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Stepping up writing: hybrid training for teachers

Writing is always a challenge for schools, with teachers crying out for professional development on effective writing instruction. Seven Steps to Writing Success has the answer – as Dawn Veary at Margaret River Primary School discovered.

Four years ago, Dawn Veary, a Level 3 classroom teacher with more than 30 years’ experience, was looking for “that special something” to engage her most reluctant students in writing.

“I have always included a writing improvement goal in my performance management agreements over the years and in 2020 my manager mentioned Seven Steps to Writing Success PD (professional development),” she says.

“When you live 400kms from Perth, it is expensive and difficult to participate in quality PD, so I was delighted to find out that Seven Steps offered online workshops. They’d re-configured their face-to-face workshop into three two-hour sessions on Zoom, held after school over a few weeks.”

Ms Veary enrolled in Seven Steps’ Workshop One online.

Image: Dawn Veary

“It was exciting. It was inspiring – and the following day I’d incorporate what I’d learnt with my Year 3 students. This was life-changing for both my students and my teaching. Their excitement and enthusiasm was immediate,” she says.

Nothing was radically new about what she was teaching her students, Ms Veary says, but everything was new about how she was teaching them.

“It’s fascinating to watch your students progress and transform before your eyes. By the end of that first year, I could honestly say that I no longer had a single reluctant writer in my Year 3 class, and what’s more, it was those same students who were now clamouring to share their writing with the class.”

Based on this success, Ms Veary was eager to introduce more of her colleagues to this style of writing instruction.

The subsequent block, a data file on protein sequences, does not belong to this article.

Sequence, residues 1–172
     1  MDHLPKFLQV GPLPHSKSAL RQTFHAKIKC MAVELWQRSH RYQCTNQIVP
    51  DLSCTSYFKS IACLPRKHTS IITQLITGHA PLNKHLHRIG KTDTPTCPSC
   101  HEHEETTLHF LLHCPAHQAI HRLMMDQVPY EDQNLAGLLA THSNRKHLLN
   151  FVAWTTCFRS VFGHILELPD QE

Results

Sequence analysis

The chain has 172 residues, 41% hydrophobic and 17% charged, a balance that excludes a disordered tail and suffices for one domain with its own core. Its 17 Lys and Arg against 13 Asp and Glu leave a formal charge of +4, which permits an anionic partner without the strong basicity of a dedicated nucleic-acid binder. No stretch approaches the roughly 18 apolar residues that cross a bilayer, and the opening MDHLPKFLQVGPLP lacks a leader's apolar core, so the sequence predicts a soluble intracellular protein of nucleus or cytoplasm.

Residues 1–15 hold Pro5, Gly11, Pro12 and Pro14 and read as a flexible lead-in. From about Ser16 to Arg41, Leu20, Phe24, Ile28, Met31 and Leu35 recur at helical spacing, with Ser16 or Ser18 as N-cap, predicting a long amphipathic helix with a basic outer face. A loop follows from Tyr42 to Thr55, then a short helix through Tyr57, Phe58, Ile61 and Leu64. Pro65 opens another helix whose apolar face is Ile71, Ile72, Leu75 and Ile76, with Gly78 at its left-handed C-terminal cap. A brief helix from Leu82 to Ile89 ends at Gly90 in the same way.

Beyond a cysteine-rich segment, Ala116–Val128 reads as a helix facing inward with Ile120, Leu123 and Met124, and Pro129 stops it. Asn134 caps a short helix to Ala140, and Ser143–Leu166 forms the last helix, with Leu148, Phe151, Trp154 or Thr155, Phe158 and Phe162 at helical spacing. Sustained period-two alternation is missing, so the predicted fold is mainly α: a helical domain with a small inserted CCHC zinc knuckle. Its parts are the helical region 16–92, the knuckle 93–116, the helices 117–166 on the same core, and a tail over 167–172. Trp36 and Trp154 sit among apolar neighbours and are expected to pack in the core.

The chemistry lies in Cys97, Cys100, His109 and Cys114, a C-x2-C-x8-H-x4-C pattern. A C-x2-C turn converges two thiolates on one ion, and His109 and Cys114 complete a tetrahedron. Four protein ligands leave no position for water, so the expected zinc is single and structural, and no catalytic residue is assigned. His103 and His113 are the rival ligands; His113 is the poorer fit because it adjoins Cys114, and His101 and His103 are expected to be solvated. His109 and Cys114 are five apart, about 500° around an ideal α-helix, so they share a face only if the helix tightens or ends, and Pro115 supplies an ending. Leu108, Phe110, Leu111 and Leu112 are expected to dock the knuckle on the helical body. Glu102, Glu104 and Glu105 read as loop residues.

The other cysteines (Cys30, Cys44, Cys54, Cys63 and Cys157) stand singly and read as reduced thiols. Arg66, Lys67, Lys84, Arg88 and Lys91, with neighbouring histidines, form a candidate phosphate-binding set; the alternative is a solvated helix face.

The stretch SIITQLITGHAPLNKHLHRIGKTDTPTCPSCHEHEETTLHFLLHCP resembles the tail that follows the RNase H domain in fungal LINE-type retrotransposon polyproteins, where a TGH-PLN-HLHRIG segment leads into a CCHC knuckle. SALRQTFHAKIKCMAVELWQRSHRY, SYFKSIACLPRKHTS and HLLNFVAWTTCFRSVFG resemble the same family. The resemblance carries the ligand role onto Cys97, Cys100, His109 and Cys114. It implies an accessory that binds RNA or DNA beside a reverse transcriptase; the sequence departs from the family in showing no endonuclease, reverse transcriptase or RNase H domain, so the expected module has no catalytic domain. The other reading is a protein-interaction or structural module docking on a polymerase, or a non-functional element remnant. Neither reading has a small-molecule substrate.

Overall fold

“At the time, the school had just under 1,000 students and we were comfortable with our students’ writing performance, but I knew we could do better. I wanted all our students to experience the emotional wellbeing of not feeling threatened by writing tasks but becoming capable and creative writers.”

In 2022, Ms Veary completed Seven Steps’ Workshop Two online which switched focus from narrative writing to persuasive and informative.

“This workshop was intensive, and I was happy to be spacing the sessions across three weeks, as it gave me time to absorb what I’d learnt and implement it in my class to fully understand how it could integrate with my school’s pedagogy of inquiry-based learning,” she says.

The tools and strategies she learnt greatly impacted her students’ writing.

“Writing collaboratively was an amazing personal growth experience for all students. In the mixed ability groups, weaker students ‘stepped up’ to write stronger texts using the shared resources of information. Peers were able to support each other to produce a high-level piece of informative writing.”

More than two million students in Australia can write more effectively as a result of the Seven Steps program. Image: Seven Steps

Ms Veary continued to encourage her school to see the benefits of the program.

“In my quest to make this a whole-school experience, I continued to share outcomes with my colleagues – classroom anecdotes, students’ written work and hard data from Seven Steps Track Your Success tools. I wanted them to see the impact the approach was having on my students’ writing,” she says.

“It was important that my colleagues saw it as something integral to what we were already doing, and not ‘another new initiative’ that increased workload or would be a passing fad. I shared some of the tools and strategies I’d used with my Year 3 students, and my colleagues were excited about the potential and saw how closely aligned it was with our school’s pedagogy.”